Be sure to keep the wound dry by changing the dressings at least once a day, more if needed. Your incision may drain for the first week or so after surgery. This is common and expected and should lessen as you get further out from surgery.

Regular dressing changes will prevent problems. A wet dressing will breakdown the healing skin and may lead to delayed healing and possibly infection. You may shower 72 hours after surgery, but you must keep the wound dry. If you cannot keep the wound dry, please take a sponge bath until your first postoperative visit to discuss. Concerning signs include foul smelling drainage and a “tomato red” wound.

How to handle post-operative pain:

Naturally, once anesthetics have worn off, pain will become increasingly evident in the areas involved in a surgical procedure. You may not have much incisional pain after surgery because there is local anesthesia injected at the time of surgery. This will wear off in the evening. We recommend you use the pain medicine prescribed or muscle relaxant to avoid the potential for getting behind your pain.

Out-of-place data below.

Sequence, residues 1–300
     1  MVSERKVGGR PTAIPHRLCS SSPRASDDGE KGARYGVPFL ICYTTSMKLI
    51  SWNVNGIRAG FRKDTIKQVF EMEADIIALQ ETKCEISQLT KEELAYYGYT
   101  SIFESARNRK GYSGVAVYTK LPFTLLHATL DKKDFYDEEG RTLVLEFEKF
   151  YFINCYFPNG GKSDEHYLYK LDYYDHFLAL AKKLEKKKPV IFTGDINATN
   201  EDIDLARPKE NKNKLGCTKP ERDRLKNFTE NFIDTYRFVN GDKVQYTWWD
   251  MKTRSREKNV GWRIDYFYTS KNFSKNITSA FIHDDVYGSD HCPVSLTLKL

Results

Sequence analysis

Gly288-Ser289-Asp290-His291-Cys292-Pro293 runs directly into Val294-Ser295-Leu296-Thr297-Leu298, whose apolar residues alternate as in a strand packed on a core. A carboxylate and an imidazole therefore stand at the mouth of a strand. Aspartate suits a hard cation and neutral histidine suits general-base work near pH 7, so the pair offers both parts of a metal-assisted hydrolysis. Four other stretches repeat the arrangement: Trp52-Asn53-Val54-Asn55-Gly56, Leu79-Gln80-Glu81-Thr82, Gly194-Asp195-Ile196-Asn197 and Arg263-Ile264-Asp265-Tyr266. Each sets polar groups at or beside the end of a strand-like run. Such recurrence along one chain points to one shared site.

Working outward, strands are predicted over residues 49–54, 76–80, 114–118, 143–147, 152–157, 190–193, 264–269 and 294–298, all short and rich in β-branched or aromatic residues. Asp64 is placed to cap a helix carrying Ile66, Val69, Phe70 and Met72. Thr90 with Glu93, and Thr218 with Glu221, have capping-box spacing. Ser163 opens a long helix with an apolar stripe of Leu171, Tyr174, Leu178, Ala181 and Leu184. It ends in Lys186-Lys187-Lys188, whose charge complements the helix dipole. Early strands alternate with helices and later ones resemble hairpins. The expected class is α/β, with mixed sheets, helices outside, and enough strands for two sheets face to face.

Dr. Paul will prescribe pain-killers, also known as analgesics, to reduce the discomfort of this post-surgical recovery period. Medications prescribed can range from over-the-counter NSAIDs (after the first five days) to potent prescription opioids depending on the projected severity of pain.If you are or have undergone a fusion procedure, you should avoid NSAIDs for the first 6 weeks.
Patients should take care to manage their dosing relative to the pain experienced. Opioids can usually be tapered off within the first two weeks of surgery. NSAIDs may be taken with protective measures for the gastrointestinal system such as proton-pump inhibitors (PPIs) such as omeprazole, antacids such as TUMS, and bismuth salts such as Pepto Bismol to reduce the risk of ulcer formation.

Night Time and Transitions:

It is very common to have increased pain at night and when you first get up out of bed. Any time you remain in one position for an extended period of time the muscles may tighten and swell and you can experience pain. As a result, transitioning can bring on pain.
Transitioning includes lying to sitting, sitting to standing. Anticipate this and use medication appropriately and or take time to do these activities. Do not try to move quickly. You won’t do anything to harm your surgery but you may have an increase in pain. This will improve with time.